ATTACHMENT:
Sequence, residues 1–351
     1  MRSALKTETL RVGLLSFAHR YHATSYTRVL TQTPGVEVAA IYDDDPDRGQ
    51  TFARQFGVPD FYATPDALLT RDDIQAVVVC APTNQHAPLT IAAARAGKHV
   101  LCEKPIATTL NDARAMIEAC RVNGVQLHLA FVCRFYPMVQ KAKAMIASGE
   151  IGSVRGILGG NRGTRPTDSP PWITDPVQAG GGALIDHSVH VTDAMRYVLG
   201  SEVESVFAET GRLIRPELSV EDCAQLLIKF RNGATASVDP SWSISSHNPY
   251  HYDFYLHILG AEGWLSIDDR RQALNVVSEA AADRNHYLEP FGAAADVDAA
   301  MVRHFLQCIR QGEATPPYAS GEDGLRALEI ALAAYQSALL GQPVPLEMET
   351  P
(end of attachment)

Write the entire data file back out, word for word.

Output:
Sequence, residues 1–351
     1  MRSALKTETL RVGLLSFAHR YHATSYTRVL TQTPGVEVAA IYDDDPDRGQ
    51  TFARQFGVPD FYATPDALLT RDDIQAVVVC APTNQHAPLT IAAARAGKHV
   101  LCEKPIATTL NDARAMIEAC RVNGVQLHLA FVCRFYPMVQ KAKAMIASGE
   151  IGSVRGILGG NRGTRPTDSP PWITDPVQAG GGALIDHSVH VTDAMRYVLG
   201  SEVESVFAET GRLIRPELSV EDCAQLLIKF RNGATASVDP SWSISSHNPY
   251  HYDFYLHILG AEGWLSIDDR RQALNVVSEA AADRNHYLEP FGAAADVDAA
   301  MVRHFLQCIR QGEATPPYAS GEDGLRALEI ALAAYQSALL GQPVPLEMET
   351  P